Choosing a bank for your small business
Question: Good day, I am about to start my business. Which bank do you recommend?
- H. Dawkins
Businesswise: Frankly, there's no bank that stands out to me as 'the best' entity for start-ups and small businesses. In fact, you should start by 'thinking outside the bank' and consider all financial institutions that offer services to businesses, their interest rates, fees/charges, branch network, collateral requirements, accessibility, customer service, attitude towards and support for micro-, small- and medium-sized enterprises (MSMEs).
I must caution that when starting a business, taking a loan or using debt financing is not the best option for many businesses as high interest rates can burden the business when it is most vulnerable, which can strain the cash flow it needs to survive. Of course, this isn't the same for all businesses, but it is a point worth considering. With that said, it is good to start building a relationship with a financial institution very early, not just for the operation of a business account, but to open the door for accessing financing when the firm needs it and can repay.
Before you can select a financial partner, you need to be clear on your financial goals and business growth needs. Then do your evaluation based on the entity that can best meet your specific needs now and in the future. Don't focus on their promotions, pronouncements and advertisements, but rather their actions, the make-up of their loan portfolio and reputation - a point I will return to shortly.
I know the common practice is for entrepreneurs to head to a commercial bank and open a business account to facilitate transactions without giving any thought to their financial goals and plans, but that's a naive approach. It can stunt or kill your business. Remember that where you lodge and keep most of your money matters.
In my entrepreneurship training workshops, I always warn against building a relationship with an institution that will not fulfill the needs of your business as it develops. Many MSMEs have done business exclusively with one bank for an extended period, only to find that when they need financing, the relationship they've built has no currency, as the bank is more interested in lending for personal expenditure on cars, appliances, vacations, etc., than for productive activity.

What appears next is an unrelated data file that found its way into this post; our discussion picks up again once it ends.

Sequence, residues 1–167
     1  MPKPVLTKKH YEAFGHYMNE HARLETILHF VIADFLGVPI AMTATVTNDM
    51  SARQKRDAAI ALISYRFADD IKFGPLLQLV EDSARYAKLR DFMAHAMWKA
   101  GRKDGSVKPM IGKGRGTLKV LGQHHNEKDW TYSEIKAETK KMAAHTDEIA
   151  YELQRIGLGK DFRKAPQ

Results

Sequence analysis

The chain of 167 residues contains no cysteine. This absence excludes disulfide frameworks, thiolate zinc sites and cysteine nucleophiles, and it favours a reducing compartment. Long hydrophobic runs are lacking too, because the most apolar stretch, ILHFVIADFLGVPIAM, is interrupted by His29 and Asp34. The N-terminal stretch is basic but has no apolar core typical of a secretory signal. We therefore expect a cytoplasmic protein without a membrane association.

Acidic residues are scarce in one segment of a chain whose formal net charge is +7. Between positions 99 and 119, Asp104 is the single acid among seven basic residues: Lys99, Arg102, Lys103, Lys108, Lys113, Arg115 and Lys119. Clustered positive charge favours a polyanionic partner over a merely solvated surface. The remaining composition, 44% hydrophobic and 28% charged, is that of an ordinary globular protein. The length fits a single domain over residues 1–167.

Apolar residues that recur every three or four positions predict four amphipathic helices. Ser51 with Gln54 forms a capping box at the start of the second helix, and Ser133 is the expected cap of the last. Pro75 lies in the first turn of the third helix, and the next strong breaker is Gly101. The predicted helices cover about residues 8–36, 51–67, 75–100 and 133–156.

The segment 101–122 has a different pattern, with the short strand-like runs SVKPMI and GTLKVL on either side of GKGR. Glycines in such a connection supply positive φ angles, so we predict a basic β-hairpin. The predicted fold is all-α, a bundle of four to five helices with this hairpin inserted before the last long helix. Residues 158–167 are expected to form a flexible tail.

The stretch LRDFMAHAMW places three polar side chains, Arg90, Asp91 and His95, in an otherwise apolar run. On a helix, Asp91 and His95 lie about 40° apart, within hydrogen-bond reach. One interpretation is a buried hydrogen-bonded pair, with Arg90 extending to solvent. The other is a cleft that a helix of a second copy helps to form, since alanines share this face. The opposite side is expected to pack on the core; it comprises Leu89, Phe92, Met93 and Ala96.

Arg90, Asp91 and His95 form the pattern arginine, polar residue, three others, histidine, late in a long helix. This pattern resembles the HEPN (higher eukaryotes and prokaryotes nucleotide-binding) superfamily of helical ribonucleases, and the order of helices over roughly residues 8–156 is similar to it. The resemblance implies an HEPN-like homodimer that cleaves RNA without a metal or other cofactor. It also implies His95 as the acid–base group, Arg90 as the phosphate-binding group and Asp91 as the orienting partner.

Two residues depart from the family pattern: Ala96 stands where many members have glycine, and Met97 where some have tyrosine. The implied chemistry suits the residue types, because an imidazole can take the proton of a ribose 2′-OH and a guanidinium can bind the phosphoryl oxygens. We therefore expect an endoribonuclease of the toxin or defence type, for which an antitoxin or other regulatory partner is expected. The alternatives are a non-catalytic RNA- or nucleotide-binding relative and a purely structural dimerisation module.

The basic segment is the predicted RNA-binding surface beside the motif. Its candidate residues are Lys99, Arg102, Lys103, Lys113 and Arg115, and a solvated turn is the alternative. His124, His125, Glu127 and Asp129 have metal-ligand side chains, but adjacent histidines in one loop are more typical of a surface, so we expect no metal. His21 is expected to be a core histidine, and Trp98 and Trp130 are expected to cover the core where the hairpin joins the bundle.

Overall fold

Using Data to Plan and Guide Decision-Making
Returning to my point about examining the loan portfolios and lending practices of banks and other financial institutions: I have bad news - banks and other lenders generally don't find start-ups to be an attractive target group and are still not meeting the financial needs of most MSMEs.
The most recent research commissioned by the Inter-American Development Bank on access to finance for businesses concluded that Jamaica is currently suffering from market failure as the financial sector is providing very little financing and at a high cost, and that the productive sector (SMEs) is starved of cash. In 2013, Jamaica's lending rates were more than double that of Barbados and Trinidad & Tobago. The value of the collateral needed to secure a loan as a percentage of the loan also greatly exceeded that of our major Caribbean trading partners, putting local companies at a competitive disadvantage.
The Bank of Jamaica produces a quarterly report titled Quarterly Credit Conditions Survey Report, which outlines changes in the demand and supply of credit to businesses and individuals and reasons for same, among other insightful data.
The March 2015 report noted, "Lenders continue to report that the economic environment and the pace of depreciation of the exchange rate have affected their ability to respond to credit requests." In other words, they aren't meeting the existing demand.
Additionally, of all the credit provided to the private sector, only 40 per cent was to businesses, 60 per cent was for personal loans. What's much worse is that, of the total amount of credit extended to businesses, 70 per cent was for large companies, 19 per cent to medium-sized companies and 11 per cent to small businesses.
When compared to the corresponding period last year, the credit offered to small businesses has declined by 50 per cent. This is alarming when you consider that the country's growth prospects rely heavily on the expansion and robust development of the productive sector, specifically productive MSMEs. Try to factor this information into your business and financial planning as it will affect if and how you can expand your business, and even your target customers, if they are local MSMEs.
Although commercial banks are strengthening SME units and promoting small business loan products, the data shows that financing your business will be a major uphill battle, and that big financial institutions with the lion's share of the country's savings prefer lending to large, mature businesses.
Fortunately, there are scores of entities other than traditional banks currently servicing the sector and many initiatives are underway to improve access to financing for MSMEs. In the meantime, you can advance your research and evaluations by visiting the MSME Financing Directory at http://www.findmsmefinancing.com.jm. There, you will find a list of 63 companies that provide loan financing, sic that provide grant funding, and one venture capital firm, among others.
n Yaneek Page is an entrepreneur and trainer in entrepreneurship and workforce innovation. She's also the creator and executive producer of The Innovators TV series. Email: firstname.lastname@example.org Twitter:@yaneekpage, Website: www.yaneekpage.com